GRAY v. LOUISIANA POWER AND LIGHT COMPANY

No. 4365.

247 So.2d 137 (1971)

Jack B. GRAY v. LOUISIANA POWER AND LIGHT COMPANY.

Court of Appeal of Louisiana, Fourth Circuit.

Rehearing Denied May 10, 1971.

Writ Refused June 21, 1971.


Attorney(s) appearing for the Case

Badeaux & Discon, J. Michael Cumberland, New Orleans, for plaintiff-appellant.

James P. Vial, Hahnville, and Monroe & Lemann, Andrew P. Carter, Eugene G. Taggart, New Orleans, for defendant-appellee, Louisiana Power & Light Co.

Christovich & Kearney, Lawrence J. Ernst, New Orleans, for third party defendant-appellant-appellee, Prestressed Concrete Products Co., Inc.

Before GULOTTA, TAYLOR and BOUTALL, JJ.


TAYLOR, Judge.

Jack B. Gray, the plaintiff-appellant herein while employed by Prestressed Concrete Products Company, Inc., was injured while his company was doing work for the defendant-appellee, Louisiana Power and Light Company, hereinafter referred to as LP & L, under a written contract for the construction of foundations for tower sites near Taft, in St. Charles Parish. These towers were for LP & L's 500 K. V. electric transmission line crossing the Mississippi River.

Plaintiff filed a suit ex delicto against LP & L and an intervention was filed by the Highlands Insurance Company, the compensation insurer of Prestressed, for the compensation payments arising from the accident.

Louisiana Power and Light Company filed a third party claim against Prestressed asserting an indemnity and hold harmless agreement in the contract between LP & L and Prestressed. Prestressed answered denying the third party petition.

A motion for summary judgment was filed by LP & L to plaintiff's petition accompanied by affidavits and the charter of the LP & L. Another motion for summary judgment was filed by LP & L against Prestressed accompanied by the contract between them containing the hold harmless agreement.

The first motion for summary judgment was filed on January 26, 1966 and is contained in the record. The second motion for summary judgment although allegedly filed by LP & L on the third party demand is not in the record, however the service on the motion for trial dated December 18, 1969 (#68 in the record) contains an order signed by the trial judge wherein both motions are fixed for trial on December 30, 1969. Notice of such fixing for trial appeared on December 30, 1969, where the matter was heard and submitted. On June 16, 1970 a judgment was rendered in favor of LP & L and against Jack B. Gray, granting the summary judgment and "ordering and commanding the third party, Prestressed Concrete Products Company, Inc., to appear and to defend the third party plaintiff, Louisiana Power & Light Company, against the principal demand of the plaintiff herein and thus obligating the said third party plaintiff to indemnify and hold harmless the third party plaintiff, Louisiana Power & Light Company."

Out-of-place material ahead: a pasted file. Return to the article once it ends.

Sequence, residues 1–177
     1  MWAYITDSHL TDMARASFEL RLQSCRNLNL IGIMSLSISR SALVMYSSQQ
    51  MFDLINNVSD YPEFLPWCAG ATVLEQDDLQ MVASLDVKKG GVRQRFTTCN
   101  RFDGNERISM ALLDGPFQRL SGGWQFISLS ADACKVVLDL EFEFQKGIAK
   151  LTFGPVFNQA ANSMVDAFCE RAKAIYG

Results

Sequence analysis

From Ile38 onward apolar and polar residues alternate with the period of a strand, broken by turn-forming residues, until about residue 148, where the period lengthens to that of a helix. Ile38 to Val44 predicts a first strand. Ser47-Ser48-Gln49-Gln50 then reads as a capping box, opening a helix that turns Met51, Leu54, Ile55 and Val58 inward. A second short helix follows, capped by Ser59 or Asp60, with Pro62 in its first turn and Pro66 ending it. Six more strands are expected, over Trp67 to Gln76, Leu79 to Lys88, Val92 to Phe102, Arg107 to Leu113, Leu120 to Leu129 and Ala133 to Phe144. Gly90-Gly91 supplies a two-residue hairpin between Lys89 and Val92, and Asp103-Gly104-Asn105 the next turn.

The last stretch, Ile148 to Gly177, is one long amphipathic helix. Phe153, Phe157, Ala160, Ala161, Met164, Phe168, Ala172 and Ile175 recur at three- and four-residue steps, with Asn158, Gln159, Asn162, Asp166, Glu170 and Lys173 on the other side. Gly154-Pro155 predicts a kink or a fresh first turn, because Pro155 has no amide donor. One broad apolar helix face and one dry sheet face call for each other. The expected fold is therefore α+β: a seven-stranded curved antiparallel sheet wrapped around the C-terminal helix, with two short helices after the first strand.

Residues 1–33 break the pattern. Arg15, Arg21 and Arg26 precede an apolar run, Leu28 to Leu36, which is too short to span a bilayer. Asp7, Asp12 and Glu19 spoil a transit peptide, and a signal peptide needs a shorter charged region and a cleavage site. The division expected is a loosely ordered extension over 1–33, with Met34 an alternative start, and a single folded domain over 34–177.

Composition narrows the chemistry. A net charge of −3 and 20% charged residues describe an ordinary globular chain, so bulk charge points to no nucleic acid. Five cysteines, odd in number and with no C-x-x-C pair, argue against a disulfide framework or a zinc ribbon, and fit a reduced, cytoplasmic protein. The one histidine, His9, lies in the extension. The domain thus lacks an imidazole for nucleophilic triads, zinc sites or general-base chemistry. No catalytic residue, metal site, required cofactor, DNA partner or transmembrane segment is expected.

On July 5, 1970 the plaintiff filed a motion for an appeal which was signed on July 8, 1970 by the trial court granting a devolutive appeal to plaintiff returnable to this court on September 4, 1970.

On August 10, 1970 an answer to the appeal was filed by the third party defendant, Prestressed Concrete Products Company, Inc. This is an answer to the appeal taken by the plaintiff Jack B. Gray, plaintiff in the main demand.

A motion to dismiss the answer to the appeal taken by third party defendant, Prestressed was filed by third party plaintiff, LP & L, on February 19, 1971.

We will pass upon the motion for summary judgment filed by LP & L before going into the other motion for summary judgment and the motion to dismiss the answer to the appeal.

The question to be decided by us is whether the affidavits filed by LP & L and its own corporate charter are sufficient so that there is no longer any question of fact or any material issue so as to conclude LSA-R.S. 23:1032 and LSA-R.S. 23:1061 are applicable in this case and the plaintiff's sole remedy is under the Workman's Compensation Act so as to warrant the granting of a summary judgment pursuant to LSA-C.C.P. art. 966.

Article 966 reads as follows:

"The plaintiff or defendant in the principal or any incidental action, with or without supporting affidavits, may move for a summary judgment in his favor for all or part of the relief for which he has prayed. The plaintiff's motion may be made at any time after the answer has been filed. The defendant's motion may be made at any time. "The motion for summary judgment shall be served at least ten days before the time specified for the hearing. The adverse party may serve opposing affidavits prior to the day of the hearing. The judgment sought shall be rendered forthwith if the pleadings, depositions, answers to interrogatories and admissions on file, together with the affidavits, if any, show that there is no genuine issue as to material fact, and that mover is entitled to judgment as a matter of law."